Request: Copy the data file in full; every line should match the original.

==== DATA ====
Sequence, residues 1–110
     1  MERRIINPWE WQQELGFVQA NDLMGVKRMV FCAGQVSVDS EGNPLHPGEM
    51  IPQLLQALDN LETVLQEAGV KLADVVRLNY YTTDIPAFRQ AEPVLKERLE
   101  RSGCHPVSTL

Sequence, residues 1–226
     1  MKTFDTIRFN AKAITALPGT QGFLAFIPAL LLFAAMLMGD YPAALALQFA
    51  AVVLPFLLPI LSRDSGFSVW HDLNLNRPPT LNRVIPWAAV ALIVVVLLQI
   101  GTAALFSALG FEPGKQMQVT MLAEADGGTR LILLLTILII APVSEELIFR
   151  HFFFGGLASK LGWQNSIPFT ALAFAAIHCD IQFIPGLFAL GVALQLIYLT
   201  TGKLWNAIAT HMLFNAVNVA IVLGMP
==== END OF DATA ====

Sequence, residues 1–110
     1  MERRIINPWE WQQELGFVQA NDLMGVKRMV FCAGQVSVDS EGNPLHPGEM
    51  IPQLLQALDN LETVLQEAGV KLADVVRLNY YTTDIPAFRQ AEPVLKERLE
   101  RSGCHPVSTL

Sequence, residues 1–226
     1  MKTFDTIRFN AKAITALPGT QGFLAFIPAL LLFAAMLMGD YPAALALQFA
    51  AVVLPFLLPI LSRDSGFSVW HDLNLNRPPT LNRVIPWAAV ALIVVVLLQI
   101  GTAALFSALG FEPGKQMQVT MLAEADGGTR LILLLTILII APVSEELIFR
   151  HFFFGGLASK LGWQNSIPFT ALAFAAIHCD IQFIPGLFAL GVALQLIYLT
   201  TGKLWNAIAT HMLFNAVNVA IVLGMP